The head of the Transportation Security Administration in Minnesota said Tuesday that while his workers are ready for the Thanksgiving rush, it's been challenging to hire more employees as air travel rebounds to pre-pandemic levels.

"It seems to be getting busier all the time," said Marty Robinson, TSA's federal security director for Minnesota, at a news conference at Minneapolis-St. Paul International Airport. "We're getting back to normal."

But TSA staffing is struggling to keep up. he federal agency employs more than 600 at MSP. But when asked how many he'd like to have working, Robinson demurred and said: "More."

"We're in better shape this Thanksgiving than last as far as hiring goes, but we are still not where I want to be," he told the Metropolitan Airports Commission (MAC) on Monday.

The TSA expects Wednesday and Sunday to be the busiest travel days at MSP this Thanksgiving, especially from 4 to 6 a.m. and 2 to 5 p.m. To help bolster employee ranks, additional security officers from TSA's national deployment force will be working in the Twin Cities during the holiday, along with three additional canine teams to sniff out possible explosives.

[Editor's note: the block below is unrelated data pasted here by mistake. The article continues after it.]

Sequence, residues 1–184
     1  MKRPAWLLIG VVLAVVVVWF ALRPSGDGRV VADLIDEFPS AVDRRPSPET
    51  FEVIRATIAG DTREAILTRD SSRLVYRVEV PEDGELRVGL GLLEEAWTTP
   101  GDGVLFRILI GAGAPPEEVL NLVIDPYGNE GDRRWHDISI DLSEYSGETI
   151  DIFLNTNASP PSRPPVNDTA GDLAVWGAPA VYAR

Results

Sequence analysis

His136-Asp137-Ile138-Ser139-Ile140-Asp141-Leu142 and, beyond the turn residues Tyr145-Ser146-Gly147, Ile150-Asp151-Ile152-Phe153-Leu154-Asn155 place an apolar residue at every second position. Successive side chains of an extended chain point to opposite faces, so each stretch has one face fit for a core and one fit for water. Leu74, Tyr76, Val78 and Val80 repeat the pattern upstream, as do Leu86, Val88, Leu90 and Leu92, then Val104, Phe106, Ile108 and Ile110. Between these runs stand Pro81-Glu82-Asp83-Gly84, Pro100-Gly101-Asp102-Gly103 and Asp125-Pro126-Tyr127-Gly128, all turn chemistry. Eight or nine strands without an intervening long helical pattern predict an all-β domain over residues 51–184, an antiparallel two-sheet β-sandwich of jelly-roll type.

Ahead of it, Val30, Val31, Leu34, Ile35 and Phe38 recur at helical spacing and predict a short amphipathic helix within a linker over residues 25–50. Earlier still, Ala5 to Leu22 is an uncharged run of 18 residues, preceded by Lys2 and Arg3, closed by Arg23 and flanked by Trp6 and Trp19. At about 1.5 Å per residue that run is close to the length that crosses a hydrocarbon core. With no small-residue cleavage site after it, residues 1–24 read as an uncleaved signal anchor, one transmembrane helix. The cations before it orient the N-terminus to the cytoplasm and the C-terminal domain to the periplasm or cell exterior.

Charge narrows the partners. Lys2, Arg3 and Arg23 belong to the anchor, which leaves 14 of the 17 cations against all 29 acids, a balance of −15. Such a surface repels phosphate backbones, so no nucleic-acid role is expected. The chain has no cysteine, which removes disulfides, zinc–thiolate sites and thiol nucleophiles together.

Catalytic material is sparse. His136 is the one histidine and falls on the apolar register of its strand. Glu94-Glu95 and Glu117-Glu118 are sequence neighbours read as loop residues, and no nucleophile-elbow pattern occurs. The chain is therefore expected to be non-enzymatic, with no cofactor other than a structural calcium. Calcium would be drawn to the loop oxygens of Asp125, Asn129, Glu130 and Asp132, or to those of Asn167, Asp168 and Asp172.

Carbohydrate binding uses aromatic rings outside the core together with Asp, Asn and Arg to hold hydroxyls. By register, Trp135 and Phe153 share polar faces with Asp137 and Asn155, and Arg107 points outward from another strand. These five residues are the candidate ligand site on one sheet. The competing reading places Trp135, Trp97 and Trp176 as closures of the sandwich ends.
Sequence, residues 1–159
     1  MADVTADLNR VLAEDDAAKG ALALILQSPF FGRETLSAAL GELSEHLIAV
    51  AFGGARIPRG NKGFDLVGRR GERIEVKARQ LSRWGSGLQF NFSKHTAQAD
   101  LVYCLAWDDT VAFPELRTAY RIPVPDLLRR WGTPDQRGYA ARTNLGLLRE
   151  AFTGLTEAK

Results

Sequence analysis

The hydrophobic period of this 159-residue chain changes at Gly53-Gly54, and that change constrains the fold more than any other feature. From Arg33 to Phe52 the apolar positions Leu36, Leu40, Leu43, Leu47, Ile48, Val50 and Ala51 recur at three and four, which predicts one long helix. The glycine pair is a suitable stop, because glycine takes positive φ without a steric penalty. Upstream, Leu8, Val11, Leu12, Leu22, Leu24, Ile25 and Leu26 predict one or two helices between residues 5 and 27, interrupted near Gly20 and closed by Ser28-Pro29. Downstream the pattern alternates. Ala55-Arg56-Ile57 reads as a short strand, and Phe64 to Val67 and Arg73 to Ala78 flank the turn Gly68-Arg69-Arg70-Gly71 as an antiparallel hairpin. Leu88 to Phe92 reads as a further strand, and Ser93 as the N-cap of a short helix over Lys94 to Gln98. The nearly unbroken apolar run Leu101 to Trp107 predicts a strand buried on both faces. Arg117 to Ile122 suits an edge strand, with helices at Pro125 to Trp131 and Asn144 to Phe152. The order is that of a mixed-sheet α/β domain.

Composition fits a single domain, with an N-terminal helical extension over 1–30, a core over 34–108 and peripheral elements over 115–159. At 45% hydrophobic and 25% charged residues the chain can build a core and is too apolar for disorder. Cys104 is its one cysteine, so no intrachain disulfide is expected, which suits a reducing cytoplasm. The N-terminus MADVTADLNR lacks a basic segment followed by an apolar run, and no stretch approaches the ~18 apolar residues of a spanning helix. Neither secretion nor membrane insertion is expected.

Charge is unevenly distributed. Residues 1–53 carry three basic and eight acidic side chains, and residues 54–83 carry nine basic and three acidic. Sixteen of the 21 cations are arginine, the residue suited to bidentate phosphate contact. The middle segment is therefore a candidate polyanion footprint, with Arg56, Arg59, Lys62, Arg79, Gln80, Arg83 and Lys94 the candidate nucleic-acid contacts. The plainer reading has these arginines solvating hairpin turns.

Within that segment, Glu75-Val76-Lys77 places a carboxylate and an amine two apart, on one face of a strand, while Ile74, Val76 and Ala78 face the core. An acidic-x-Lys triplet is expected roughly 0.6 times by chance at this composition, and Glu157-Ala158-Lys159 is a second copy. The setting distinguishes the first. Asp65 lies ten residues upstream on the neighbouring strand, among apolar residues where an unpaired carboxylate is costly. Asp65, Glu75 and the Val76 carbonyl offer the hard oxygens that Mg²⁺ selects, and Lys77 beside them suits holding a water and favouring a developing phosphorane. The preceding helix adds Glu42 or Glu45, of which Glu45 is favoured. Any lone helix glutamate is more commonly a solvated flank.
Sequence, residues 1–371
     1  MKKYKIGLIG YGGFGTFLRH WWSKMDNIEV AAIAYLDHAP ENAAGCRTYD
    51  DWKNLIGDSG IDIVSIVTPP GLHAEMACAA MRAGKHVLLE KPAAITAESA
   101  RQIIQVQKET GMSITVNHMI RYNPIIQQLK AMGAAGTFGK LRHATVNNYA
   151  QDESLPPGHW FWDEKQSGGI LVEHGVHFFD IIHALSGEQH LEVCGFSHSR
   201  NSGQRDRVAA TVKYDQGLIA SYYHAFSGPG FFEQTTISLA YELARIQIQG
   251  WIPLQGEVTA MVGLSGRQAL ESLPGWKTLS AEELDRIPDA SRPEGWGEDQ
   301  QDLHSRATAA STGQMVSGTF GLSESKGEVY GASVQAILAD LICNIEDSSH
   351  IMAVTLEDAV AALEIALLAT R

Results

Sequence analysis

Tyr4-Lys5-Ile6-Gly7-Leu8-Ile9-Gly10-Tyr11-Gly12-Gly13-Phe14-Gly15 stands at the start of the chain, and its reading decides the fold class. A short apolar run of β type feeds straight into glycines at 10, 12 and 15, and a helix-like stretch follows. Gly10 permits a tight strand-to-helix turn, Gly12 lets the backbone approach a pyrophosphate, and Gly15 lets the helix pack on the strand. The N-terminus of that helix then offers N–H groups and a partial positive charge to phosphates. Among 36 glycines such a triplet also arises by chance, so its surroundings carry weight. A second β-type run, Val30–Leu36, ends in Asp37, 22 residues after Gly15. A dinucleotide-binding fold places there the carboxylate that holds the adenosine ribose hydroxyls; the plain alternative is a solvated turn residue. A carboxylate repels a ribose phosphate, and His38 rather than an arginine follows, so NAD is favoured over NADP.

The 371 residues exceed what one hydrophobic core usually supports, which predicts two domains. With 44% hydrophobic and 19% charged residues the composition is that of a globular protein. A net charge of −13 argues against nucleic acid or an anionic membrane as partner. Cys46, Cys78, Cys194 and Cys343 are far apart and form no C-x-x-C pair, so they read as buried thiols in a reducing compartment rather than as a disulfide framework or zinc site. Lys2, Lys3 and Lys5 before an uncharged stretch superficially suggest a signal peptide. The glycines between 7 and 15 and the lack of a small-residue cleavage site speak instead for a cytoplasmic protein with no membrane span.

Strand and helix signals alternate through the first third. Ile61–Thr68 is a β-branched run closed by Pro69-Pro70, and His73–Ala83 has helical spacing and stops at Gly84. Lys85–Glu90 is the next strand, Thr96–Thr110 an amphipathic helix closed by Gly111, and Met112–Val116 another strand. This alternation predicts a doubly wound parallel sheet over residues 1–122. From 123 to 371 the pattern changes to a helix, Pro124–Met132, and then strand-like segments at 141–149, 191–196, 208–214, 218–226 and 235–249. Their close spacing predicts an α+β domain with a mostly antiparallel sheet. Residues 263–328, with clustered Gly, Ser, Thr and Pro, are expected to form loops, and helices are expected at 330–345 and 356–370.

Two new lanes have been added at the south checkpoint in Terminal 1, and Delta Air Lines has contributed screening equipment there to help move employees and others through the lines more quickly.

Robinson said it's especially difficult to hire workers in Minnesota, which has a historically low jobless rate. He said it typically takes six months to a year to fully train security officers.

Moreover, it's unclear whether Congress will adopt a budget that would bring the agency's pay in line with those working for other federal agencies. According to the TSA, security screeners would see an average 30% increase in base pay as a result.

"The general feeling is that if this does not go through, it will be difficult to recruit new employees and retain current ones," Robinson said.

Neal Gosman, secretary/treasurer of the American Federation of Government Employees Local 899, which represents TSA employees at MSP, agrees.

The lack of pay equity "is a morale issue," Gosman said. "We are doing the best we can, but generally screeners feel overworked."

Robinson said he's also concerned about the impact that a wave of COVID-19, flu and the respiratory virus RSV might have on the local TSA workforce this holiday season. "This is something that will greatly affect staffing if it happens," he said.

Recent news that Sun Country Airlines will add more than a dozen new routes next year will present TSA with more staffing challenges at Terminal 2, Robinson said. Only one of the two checkpoints at Terminal 2 is now open.

Robinson told MAC officials that passengers attempting to clear security with guns has been a growing problem across the United States. So far this year, more than 6,000 guns — 87% of them loaded — have been detected in carry-on bags by TSA screeners nationwide.

"It's very disturbing, although not so much here in Minnesota," he said.

In the meantime, Robinson assured travelers that they can bring food in their carry-on luggage — including a fully cooked turkey. However, he added, "If you can spill it, spread it or pump it, it has to be in your checked bags."